Flashcards in Early (c.400-c.900) Deck (28)
What was the basis of medieval economy? Name two 'ion' changes however.
Farming. However, specialisation + monetisation were changes.
What was a primary foodstuff? What was found more in Italy? Middle East?
Cereal crops. Chestnuts in italy. Tea + coffee in the Middle East.
What economy did medieval society transition to slowly? Where else did surplus production go?
From a subsitence economy (where people grow for themselves), to a market economy (where they grow to sell for others).
Surplus production didn't just go to local markets, but bigger inter-regional fairs.
What's the 'Brenner Debate', and when was it?
1970s/80s - Robert Brenner argued that social change results from freeing workers from restrictions on their control of their surplus.
Michael Postan's 'neo-Malthusian approach' - social change is a result of population change.
Name 3 issues for medieval government. Name 3 solutions.
Communication; mass movements; no state monopoly of force.
Solutions = religion to control (though does place limitations on rulers); documentation to say things must happen; law-courts to have the people to be judged by authorities.
What is the theory of the 'Three Orders'?
Name 2 things that changed in Western Europe after the fall of Rome. Name 2 things that didn't.
That there are 3 types of people in society - the fighters, producers and religious.
Simplification of economy, esp north of the Loire in the early 400s; empire broken up into barbarian kingdoms.
Barbarian armies ran things in a Roman manner; Guy Halsall - highland zones were less affected.
What did the laity get from the Church parish system? How did this change? What did the laity have to pay in return?
What became more dominant in the 13th century?
Involvement in church activity and pastoral care; parish system became more unified in West from the 11th-12th centuries (took longer in the East); laity had to pay tithes.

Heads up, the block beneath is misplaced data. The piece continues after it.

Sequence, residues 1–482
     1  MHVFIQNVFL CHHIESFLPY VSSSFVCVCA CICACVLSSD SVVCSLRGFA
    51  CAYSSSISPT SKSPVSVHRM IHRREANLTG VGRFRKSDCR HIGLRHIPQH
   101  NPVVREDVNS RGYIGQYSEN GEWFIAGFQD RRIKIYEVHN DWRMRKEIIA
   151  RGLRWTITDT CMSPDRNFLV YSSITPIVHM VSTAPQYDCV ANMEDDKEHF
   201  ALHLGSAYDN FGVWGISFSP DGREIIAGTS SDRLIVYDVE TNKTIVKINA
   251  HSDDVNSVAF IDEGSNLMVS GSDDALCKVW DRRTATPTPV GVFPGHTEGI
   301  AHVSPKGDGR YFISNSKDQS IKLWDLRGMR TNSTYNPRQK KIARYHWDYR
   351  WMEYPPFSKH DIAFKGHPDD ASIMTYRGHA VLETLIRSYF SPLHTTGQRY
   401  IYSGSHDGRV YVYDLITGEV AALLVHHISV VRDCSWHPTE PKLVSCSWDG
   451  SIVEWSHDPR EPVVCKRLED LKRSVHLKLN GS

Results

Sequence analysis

Priesthood...emergence of the Lateran Council in 1215 for example.
What expectations were the same for both genders? Where was there difference?
What rebellious + non-rebellious character emphasise society's views of what was wrong/right with women?
While expectations of heaven + hell were the same, only men could take on clerical roles.
Rebellious Eve = what's wrong; Virgin Mary = what's right.
What became a sacrament in the 12th century? What could women do/not do?
Marriage; could do agricultural work, but not go to university.
What's the traditional end date for the Empire in the West? What's an alternative?
476 - an alternative is 480 (the death of the last Western emperor, emperor Julius Nepos).
Name 3 possible causes of the end of the Roman Empire
Loss of territory to 'barbarian' invaders...often set up as client armies, but then no tax within the zones they took.
Failure of cultural imperial ideas...arguably Christianity, or maybe failure of state to reach out to subordinates, resulted in Empire's irrelevance.
Financial reasons - breakdown in trade and concession of tax in lost zones.
Name 2 things the barbarian wanted, as they wanted to occupy the Empire rather than destroy it.
What barbarian ruler was similar to a Roman?
What historian thinks that Christianity in the Western Empire was the reason for its collapse?
Offices + salaries. King Theodric of the Ostrogoths was very much a Roman governor.
What army was in Ostrogoth Italy? What was the tax/law situation?
What about Britain?
King Theodric's army; only Roman law, not a clear tax system.
Made up of Scots, Britons, Saxons; no law or tax until c.600; armies essentially small warbands.